Power Stroke is the name that Ford Motor Company has given to its diesel engines since 1994.
Ford Power Stroke engines can be found in Ford Super Duty trucks, Econoline vans, Excursion SUVs, and LCF commercial vehicles.
In 1994 that the 7.3L Power Stroke diesel was first released. The Power Stroke is a direct injection engine that is electronically controlled. It has a 104 mm bore and 106 mm stroke that creates a displacement 444 cubic inches. Its compression ratio is 17.5:1 and weighs about 925 lbs. The 7.3L Power Stroke was used until the middle of 2003 when it had to be replaced by the 6.0L Power Stroke due to new emission requirements that the 7.3 could not meet.
Unfortunately, the 6.0 has been known to experience blown head gaskets and eventually cracked cylinder heads. Ultimately these problems were attributable to the fact that the 6.0 only had 4 head bolts per cylinder, but it was the “domino effect” that lead to such failures. A lot of the issues with the 6.0 started because Ford used sand cast molds. Many times left over sand would clog the oil cooler, which would take out the EGR cooler. When the EGR cooler ultimately went bad, it would pump the coolant thru the engine. When enough of this coolant got into the engine, it would pressure those head bolts allowing the head gaskets to blow. These Ford engines got a bad reputation because of these failures, many of which were due to improper service bulletins. Ford did not make it standard procedure to replace the oil cooler. There were repeated failures until Ford used new concepts in repairing the trucks.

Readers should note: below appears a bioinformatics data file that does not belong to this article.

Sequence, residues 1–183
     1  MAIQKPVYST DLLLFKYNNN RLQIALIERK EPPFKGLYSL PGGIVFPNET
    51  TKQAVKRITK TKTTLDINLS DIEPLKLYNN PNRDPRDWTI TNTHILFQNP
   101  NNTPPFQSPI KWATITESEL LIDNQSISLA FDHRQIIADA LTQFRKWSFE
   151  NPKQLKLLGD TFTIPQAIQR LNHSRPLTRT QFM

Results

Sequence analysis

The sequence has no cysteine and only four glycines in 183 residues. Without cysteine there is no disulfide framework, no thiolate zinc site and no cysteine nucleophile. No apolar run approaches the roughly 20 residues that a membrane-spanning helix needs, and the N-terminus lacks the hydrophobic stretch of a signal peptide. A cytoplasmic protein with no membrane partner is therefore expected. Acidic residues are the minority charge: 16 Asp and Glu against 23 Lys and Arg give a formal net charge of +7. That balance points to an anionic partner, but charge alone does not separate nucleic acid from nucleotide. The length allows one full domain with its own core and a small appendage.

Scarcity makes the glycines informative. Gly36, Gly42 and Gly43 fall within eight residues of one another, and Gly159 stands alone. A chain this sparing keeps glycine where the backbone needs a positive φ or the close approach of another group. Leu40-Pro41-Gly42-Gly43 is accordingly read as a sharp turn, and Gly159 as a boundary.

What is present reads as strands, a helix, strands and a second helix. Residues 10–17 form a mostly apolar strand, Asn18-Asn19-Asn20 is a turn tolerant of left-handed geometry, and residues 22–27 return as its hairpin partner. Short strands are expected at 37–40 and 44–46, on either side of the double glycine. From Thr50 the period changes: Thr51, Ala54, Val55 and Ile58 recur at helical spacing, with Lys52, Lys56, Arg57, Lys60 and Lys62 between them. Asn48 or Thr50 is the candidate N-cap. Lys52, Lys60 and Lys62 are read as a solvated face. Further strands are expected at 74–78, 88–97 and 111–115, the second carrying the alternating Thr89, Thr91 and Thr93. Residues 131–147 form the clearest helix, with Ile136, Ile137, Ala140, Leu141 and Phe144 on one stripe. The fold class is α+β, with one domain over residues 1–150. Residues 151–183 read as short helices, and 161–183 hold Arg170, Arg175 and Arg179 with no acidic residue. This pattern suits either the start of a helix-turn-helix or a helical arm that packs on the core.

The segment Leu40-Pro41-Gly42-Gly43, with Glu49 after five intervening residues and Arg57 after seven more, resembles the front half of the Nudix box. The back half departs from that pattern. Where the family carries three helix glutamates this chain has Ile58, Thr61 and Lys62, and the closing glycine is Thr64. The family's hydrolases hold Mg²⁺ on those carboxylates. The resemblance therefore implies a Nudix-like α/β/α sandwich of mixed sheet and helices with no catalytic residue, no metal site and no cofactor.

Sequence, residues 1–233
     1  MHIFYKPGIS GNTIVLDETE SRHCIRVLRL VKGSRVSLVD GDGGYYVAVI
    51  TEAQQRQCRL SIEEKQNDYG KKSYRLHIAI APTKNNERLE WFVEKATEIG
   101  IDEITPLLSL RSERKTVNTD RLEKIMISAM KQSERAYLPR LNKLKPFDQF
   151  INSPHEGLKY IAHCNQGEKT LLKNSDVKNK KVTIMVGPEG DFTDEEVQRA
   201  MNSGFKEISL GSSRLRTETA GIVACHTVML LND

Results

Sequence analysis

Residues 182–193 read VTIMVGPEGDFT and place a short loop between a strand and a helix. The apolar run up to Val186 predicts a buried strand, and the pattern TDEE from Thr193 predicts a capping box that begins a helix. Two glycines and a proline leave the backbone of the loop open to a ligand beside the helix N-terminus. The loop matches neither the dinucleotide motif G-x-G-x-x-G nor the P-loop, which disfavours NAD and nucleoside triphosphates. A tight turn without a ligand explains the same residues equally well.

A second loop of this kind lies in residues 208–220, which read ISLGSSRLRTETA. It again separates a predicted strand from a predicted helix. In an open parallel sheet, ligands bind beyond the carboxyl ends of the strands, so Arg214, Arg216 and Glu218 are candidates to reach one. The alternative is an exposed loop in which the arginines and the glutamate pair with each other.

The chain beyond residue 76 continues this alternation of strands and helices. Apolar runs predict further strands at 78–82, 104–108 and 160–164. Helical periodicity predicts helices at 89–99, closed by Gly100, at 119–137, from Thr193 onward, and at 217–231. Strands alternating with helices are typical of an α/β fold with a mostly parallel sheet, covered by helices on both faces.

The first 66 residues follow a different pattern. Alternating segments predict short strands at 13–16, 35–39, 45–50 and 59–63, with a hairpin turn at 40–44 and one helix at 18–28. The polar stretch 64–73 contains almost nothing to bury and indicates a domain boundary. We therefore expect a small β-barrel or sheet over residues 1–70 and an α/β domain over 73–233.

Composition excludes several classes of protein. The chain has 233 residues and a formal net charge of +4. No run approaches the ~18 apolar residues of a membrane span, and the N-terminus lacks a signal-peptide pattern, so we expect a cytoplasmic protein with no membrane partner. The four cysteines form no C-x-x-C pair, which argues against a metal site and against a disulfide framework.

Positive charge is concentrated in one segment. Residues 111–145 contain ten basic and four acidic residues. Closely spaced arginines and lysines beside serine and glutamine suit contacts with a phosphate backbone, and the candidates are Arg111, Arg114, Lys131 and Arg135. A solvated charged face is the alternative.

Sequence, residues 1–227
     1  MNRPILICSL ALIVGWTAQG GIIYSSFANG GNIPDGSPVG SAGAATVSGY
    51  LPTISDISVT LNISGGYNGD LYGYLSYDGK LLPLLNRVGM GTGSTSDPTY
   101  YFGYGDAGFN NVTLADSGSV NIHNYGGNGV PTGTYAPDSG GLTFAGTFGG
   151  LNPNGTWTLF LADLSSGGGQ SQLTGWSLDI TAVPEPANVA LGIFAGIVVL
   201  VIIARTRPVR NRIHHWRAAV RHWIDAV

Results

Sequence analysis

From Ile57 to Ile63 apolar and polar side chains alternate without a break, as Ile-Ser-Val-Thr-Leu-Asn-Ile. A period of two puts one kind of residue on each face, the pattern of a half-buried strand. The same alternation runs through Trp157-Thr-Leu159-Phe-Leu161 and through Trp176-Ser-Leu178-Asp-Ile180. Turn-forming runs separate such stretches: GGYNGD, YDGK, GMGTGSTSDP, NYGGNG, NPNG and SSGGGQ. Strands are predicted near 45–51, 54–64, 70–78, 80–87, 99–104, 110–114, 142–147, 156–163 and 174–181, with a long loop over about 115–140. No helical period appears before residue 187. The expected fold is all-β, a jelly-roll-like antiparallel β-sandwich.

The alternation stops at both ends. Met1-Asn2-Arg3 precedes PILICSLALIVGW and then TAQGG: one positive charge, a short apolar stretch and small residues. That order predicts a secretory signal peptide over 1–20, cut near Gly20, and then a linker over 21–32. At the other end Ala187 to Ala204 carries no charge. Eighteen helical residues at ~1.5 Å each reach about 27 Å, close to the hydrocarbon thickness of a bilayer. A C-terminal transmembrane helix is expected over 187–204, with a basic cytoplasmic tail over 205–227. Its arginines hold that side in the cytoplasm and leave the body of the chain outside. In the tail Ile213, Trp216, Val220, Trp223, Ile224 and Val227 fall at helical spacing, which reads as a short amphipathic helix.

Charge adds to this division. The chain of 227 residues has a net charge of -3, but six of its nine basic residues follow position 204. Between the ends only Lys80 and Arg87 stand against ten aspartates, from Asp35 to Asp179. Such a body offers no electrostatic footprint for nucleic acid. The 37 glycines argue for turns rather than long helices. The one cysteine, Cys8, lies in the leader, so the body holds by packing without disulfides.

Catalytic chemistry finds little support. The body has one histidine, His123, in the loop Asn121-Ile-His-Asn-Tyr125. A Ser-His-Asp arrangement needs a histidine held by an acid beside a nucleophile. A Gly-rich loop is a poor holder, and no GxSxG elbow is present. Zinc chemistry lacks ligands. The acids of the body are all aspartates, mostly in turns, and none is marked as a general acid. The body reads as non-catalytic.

It was in 2007 Ford that presented the 6.4 Power Stroke. This new edition was once again made necessary because of emission regulations. Ford was able to increase horsepower with the 6.4 Power Stroke, in spite of these new emission restrictions. The 6.4L has had a significant recall. It was due to the potential for actual flames to come from the tailpipe. A PCM recalibration is necessary to eliminate the problem caused by high temperatures that combine with other conditions to create what is known as the “thermal effect”.
Ford Power Stroke engines were manufactured by Navistar until 2010. In that year, Ford decided to make the engines at their Mexican production facility. These 6.7 liter Power Stroke engines are now primarily utilized in the Ford Motor Company’s full sized pick-up trucks in the United States.